A network of interdisciplinary scholars studying past climate change
Despite (or perhaps because of?) my recently published complaints in AHA Perspectives, this year’s American Historical Association annual meeting included a number of well-attended panels related to climate and history, including three back-to-back sessions on the 5th. Presentations and panels included:
Michael McCormick, “Climate Change and the Fall of the Roman Empire” (Session 97: Science and the Human Past)
John Brooke, “Climate, Human Well-Being, and the State in the Mid to Late Holocene, 6000BCE-1700CE,” and Pat Manning and Aubrey Hillman, “Climate as a Factor in Migration and Social Change, 200,000 to 5000 ya” (Session 140: Climate Change and Big History)
Sam White, “Climate and Early American Colonial History”; Franz Mauelshagen, “Climatology in the Colonial Framework: A Global Perspective, 1700-1900”; Lawrence Culver, “Following the Plow: Climate Misperception, Myth, and Catastrophe”; and Kevin Brown, “Imagining the Cutover Timberlands of Minnesota and Louisiana, 1900-40” (Session 172: What is Climate History?)
Eleonora Rohland, “Hurricanes in New Orleans: Perspectives on Cultural Adaptation, 1722-65”; Sherry Johnson, “From the El Nino to the ‘Long La Nina’: Early Indicators of Crisis in the Atlantic World, 1730s-40s”; and Joshua Souliere, “Long Term Drought as a Forcing Element in Political Destabilization and International Migration in West Africa in the Early Nineteenth Century” (Session 205: Climate and the Atlantic World)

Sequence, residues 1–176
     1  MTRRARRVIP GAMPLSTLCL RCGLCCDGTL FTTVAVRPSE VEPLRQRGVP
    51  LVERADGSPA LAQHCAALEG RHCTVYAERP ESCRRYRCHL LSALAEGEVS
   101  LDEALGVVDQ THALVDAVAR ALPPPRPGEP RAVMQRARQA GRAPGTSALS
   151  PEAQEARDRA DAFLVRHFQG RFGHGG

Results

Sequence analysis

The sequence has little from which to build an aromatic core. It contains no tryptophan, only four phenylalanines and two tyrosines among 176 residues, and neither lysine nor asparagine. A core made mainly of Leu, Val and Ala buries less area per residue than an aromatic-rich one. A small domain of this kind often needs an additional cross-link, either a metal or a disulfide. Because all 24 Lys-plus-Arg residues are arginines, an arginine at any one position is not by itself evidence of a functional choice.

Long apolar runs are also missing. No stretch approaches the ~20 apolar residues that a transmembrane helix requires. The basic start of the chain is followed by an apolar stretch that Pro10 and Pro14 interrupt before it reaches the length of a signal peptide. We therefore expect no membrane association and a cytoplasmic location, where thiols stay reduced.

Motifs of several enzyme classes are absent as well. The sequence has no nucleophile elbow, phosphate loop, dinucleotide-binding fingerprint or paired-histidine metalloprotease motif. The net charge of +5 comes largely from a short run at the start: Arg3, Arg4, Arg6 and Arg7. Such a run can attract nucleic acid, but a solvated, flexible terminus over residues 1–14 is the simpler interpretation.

Amilcar Challu, “El Nino, Agricultural Productivity, and Biological Well-Being in Mexico’s Long Nineteenth Century”; Yovanna Pineda, “Ecology, Technology, and Rural Rebellion in the Pampas Grasslands of Argentina, 1890-1929”; Mikael Wolfe, “Pacifying a Rebellious Waterscape: Climate, Technology, and Revolution in La Laguna, Mexico, 1907-27” (Session 214: Ecology, Technology, and (Counter)Rebellion in Latin America)
Thanks to all the organizers, presenters, and audience for making this conference a success for climate history!